Last updated on April 28th, 2015
Today’s contributor, Christina Loccke, is a restaurant guide editor, freelance food writer, and WSET student who’s trying teach her kindergartener to smell the differences between warm- and cool-climate Chardonnay. She’s also got a gift for picking the best things on the Chinese takeout menu, including Kung Pao chicken.
In Hollywood, predictability is the stuff of Oscars, and it’s no secret that movies follow the same recipe of beats and devices. I imagine this was all cooked up at some dinner hosted by our Founding Moguls. It’s an easy scene to write:
Late night, an exhausted group of executives gather around a bare-wood table strewn with empty boxes of takeout. Sleeves rolled up, wringing hands, unshaved faces, lots of pacing back and forth.
DeMille: (picks up a pair of chopsticks and tosses aside empty containers) Any more Kung Pao chicken?
Warner: (staring off into space, refocuses, food falls from his chopsticks) That’s it!
Everyone in the scene starts talking simultaneously and the future of cinema is foretold, thanks be to the Kung Pao chicken. It’s like plot-rich brain food for movies. And when Hollywood faces her greatest decisions, she calls her leaders to the Chicken Kung Powwow, where problem-solving and plot-thickening while scarfing directly from white containers with disposable chopsticks is more American than apple pie.
Kung Pao chicken made its scripted debut in the 1945 Katharine Hepburn vehicle Purity Squad. Sure, it had its small-screen cameo on Columbo, but Seinfeld pushed it into the spotlight when an entire episode centered on its excessive heat: Kung Pao chicken makes George sweat profusely while being questioned about a string of NY Yankee shoe thefts. Remember?
Maybe that is what inspired the 1992 renaissance of Kung Pao chicken, when A Few Good Men may as well have earned it a Hollywood star. An hour into the film, Tom Cruise, Demi Moore, and that other guy are still fretting over motive. There they are, hunched over carton upon carton of yet another night of takeout, mired in the intricacies of military protocol when… “Pass me the Kung Pao chicken.”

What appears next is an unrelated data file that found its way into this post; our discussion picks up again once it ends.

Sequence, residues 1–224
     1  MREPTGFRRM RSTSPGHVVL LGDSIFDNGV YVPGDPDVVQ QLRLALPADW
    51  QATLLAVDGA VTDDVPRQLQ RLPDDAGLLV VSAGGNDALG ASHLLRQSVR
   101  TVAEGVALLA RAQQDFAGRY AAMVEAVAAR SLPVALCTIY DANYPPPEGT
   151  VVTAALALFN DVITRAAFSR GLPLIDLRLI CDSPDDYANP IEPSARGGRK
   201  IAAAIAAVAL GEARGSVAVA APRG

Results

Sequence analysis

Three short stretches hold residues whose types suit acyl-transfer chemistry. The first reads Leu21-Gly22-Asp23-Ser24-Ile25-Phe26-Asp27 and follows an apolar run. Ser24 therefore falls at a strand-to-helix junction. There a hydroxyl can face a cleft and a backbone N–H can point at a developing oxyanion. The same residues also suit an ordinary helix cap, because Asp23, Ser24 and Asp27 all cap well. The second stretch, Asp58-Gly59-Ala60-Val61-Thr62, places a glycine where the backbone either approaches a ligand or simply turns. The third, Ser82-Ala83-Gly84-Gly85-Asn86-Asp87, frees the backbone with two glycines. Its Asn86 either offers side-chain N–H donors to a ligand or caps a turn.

Pow! There it is. “Find out everything there is to know about lactic acidosis!” (And cue the dropped chopsticks.) There was no longer any concern about finding a motive. An order was given, and that was all that mattered to Downey! By the end of the movie, audiences knew they could “handle the truth” from Jack Nicholson. And they all were suddenly craving Chinese.
That seminal moment opened the floodgates to what is now subconsciously recognized as the Kung Powwow. Sure, there were casual mentions of the dish in Dragon: The Bruce Lee Story or Shanghai Knights with Owen Wilson, but then it started creeping into unexpected places, from bittersweet Sally Field comedies (Two Weeks) to the crime thriller Confidence, when the coldblooded killer “didn’t even put down the Kung Pao chicken.”
So Kung Pao slowly became a major player, cementing its presence in The Contender, when President Jeff Bridges sits down with VP hopeful Joan Allen. The air is thick with unpleasant business—rumors of sexual escapades and photographic proof. How does Mr. President begin? By ordering “Kung Pao chicken, but with walnuts” over the intercom. At that moment, the scene drops a beat. The entire discussion is beneath them. Madam VP isn’t going to defend herself, and Mr. President isn’t even going to ask for an explanation. For the next hour, the audience hangs on that decision.
So what exactly is this wünderfood? Basically, it’s a wok-fried mix of chili peppers, chicken, peanuts, and those lingering, menthol-fierce Sichuan peppercorns—bringing the kind of heat that has you gulping air after each bite.
While toned-down versions of Kung Pao chicken are popular in America, the dish originated in Sichuan. Named for a late Qing dynasty official, it literally translates as “palatial guardian.” In fact, the name itself is so traditional that it was actually blacklisted, McCarthy-style, in China. During the Cultural Revolution, Kung Pao was plucked from the market and politically rehabilitated—think Clockwork Orange. It ultimately re-emerged as the Chairman-friendly “fast fried chicken cubes.” Same recipe, different name.
Should we be questioning Kung Pao’s politics? What’s behind its exponential growth in American media? Could this be the culinary Manchurian Candidate?
Maybe we should be worried.
Or maybe this all merits further examination. Anyone up for some Kung Pao chicken?